The company will integrate a CWA Section 404 compliance protocol into its operating procedures in West Virginia. The protocol requires Chesapeake Appalachia to use a Qualified Wetlands Professional to assess all aquatic resources within any proposed limit of disturbance prior to submission of any application to:

  • The West Virginia Department of Environmental Protection for new and expansive construction of well pads or impoundments beyond its currently approved limit of disturbance, and
  • The West Virginia Department of Transportation for construction of any associated access road(s).

Additionally, for relevant sites, Chesapeake Appalachia must prepare an alternatives analysis, design facilities to avoid and minimize impacts to aquatic resources, and implement construction techniques that are certified by a registered professional engineer to ensure rapid stabilization of disturbed earth while assuring appropriate erosion and sediment controls are consistent with State or local erosion requirements, and ensure that no earth disturbance occurs until appropriate permits are obtained pursuant to CWA Section 404 and applicable West Virginia law.

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Pollutant Reduction

In CWA Section 404 cases, pollutant reduction is measured by the number of linear feet mitigated for streams and the number of acres mitigated for wetlands. The injunctive relief required in this Consent Decree will mitigate the 12,874 linear feet of stream and 3.74 acres of wetlands impacted by Chesapeake Appalachia’s activities.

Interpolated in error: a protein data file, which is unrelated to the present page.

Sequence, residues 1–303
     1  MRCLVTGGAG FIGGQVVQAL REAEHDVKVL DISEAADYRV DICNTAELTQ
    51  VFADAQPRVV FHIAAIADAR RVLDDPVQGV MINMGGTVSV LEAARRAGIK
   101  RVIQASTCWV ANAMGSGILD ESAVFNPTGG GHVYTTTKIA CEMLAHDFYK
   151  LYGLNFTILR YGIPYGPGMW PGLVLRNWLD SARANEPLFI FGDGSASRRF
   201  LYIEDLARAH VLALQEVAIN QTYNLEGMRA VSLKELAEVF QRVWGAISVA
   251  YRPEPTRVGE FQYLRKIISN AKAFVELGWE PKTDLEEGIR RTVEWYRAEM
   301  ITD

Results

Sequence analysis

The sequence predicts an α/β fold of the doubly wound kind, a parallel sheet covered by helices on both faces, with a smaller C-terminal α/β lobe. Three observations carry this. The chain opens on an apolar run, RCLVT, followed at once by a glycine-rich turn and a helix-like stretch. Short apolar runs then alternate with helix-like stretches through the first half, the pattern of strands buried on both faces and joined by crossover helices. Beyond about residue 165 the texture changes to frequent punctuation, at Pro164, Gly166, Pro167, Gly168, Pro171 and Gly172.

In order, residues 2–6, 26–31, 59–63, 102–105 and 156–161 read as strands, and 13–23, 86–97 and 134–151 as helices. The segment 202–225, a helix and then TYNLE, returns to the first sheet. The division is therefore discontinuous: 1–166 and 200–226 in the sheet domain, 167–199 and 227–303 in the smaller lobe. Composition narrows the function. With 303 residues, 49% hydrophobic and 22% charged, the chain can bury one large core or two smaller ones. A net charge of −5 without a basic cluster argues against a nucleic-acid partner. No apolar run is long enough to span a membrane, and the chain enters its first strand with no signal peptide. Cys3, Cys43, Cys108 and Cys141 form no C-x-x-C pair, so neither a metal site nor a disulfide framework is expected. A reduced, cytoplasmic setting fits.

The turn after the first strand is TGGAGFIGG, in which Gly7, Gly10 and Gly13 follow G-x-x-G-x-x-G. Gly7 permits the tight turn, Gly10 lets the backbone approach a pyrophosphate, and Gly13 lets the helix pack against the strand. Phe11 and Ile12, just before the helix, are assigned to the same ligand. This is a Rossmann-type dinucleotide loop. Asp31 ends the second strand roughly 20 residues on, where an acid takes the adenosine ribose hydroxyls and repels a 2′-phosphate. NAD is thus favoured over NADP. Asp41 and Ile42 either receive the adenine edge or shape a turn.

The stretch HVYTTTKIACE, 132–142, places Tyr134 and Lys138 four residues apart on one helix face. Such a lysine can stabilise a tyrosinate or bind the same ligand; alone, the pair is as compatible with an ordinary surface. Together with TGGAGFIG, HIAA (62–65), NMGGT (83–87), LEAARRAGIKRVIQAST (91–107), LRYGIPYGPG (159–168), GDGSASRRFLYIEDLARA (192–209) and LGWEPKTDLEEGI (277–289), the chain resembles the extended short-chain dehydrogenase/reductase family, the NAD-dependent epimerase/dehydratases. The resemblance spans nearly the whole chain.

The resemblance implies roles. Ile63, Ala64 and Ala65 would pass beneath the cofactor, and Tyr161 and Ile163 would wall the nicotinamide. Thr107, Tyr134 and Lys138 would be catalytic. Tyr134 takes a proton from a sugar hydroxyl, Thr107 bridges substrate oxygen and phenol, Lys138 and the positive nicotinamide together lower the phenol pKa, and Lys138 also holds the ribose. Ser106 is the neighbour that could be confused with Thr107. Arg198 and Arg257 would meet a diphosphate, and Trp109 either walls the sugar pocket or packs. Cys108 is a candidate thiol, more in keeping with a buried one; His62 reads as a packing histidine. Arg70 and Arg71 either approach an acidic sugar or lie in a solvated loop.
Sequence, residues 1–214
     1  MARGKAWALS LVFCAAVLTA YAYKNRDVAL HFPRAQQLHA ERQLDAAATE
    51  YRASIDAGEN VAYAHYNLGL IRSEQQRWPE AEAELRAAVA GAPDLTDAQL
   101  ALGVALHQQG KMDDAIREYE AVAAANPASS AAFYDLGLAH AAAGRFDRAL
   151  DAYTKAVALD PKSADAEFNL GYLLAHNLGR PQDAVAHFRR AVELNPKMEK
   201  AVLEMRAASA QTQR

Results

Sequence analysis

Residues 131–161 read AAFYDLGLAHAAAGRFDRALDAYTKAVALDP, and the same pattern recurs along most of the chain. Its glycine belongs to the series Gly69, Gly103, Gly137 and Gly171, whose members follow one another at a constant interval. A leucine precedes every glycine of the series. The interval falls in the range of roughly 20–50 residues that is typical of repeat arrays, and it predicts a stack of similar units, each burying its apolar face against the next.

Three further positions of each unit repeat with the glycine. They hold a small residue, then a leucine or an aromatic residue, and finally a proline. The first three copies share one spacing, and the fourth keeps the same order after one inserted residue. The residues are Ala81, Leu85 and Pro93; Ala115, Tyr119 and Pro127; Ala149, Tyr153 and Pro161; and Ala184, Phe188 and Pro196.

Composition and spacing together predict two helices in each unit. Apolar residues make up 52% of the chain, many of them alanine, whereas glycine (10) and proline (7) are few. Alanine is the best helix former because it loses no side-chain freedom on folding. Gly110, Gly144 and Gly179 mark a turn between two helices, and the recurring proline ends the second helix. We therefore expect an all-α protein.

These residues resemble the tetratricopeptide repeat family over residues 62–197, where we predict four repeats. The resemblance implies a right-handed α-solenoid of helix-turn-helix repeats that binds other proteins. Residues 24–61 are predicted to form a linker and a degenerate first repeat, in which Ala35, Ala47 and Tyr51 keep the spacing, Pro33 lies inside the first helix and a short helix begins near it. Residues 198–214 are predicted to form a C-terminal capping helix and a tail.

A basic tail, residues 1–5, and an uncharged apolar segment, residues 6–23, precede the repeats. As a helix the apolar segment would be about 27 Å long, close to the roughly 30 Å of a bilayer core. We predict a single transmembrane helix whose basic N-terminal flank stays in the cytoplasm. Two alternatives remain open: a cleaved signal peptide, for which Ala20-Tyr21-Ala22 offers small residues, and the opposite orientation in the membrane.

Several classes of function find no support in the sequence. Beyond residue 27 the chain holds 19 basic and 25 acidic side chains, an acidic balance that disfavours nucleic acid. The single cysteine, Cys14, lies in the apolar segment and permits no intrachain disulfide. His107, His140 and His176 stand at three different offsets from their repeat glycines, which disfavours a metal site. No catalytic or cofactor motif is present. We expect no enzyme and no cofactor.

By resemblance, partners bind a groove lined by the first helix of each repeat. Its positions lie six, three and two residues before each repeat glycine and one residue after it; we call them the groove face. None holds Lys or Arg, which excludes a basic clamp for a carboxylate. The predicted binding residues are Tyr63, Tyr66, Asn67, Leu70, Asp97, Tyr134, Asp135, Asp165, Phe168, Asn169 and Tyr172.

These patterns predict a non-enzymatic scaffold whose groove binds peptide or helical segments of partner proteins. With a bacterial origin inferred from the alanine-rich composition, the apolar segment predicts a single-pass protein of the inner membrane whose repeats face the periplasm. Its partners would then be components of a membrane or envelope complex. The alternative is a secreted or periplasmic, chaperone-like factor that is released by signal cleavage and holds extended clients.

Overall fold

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Civil Penalty

Chesapeake Appalachia will pay a penalty of $3.2 million, divided equally between the United States and its co-plaintiff, the State of West Virginia. This civil penalty is the largest ever obtained under the CWA’s provisions prohibiting the discharge of dredged and/or fill material into waters of the United States without a CWA permit.

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Comment Period

The proposed settlement, lodged in the U.S. District Court for the Northern District of West Virginia, is subject to a 30-day public comment period and final court approval. Information on submitting comments is available at the Department of Justice website.

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For more information, contact:

Clarke Thurmon 
Water Enforcement Division
U. S. Environmental Protection Agency
1200 Pennsylvania Ave, NW (MC-2243A)
Washington, DC 20460 
Clarke Thurmon (thurmon.clarke@epa.gov)
(202) 564-5587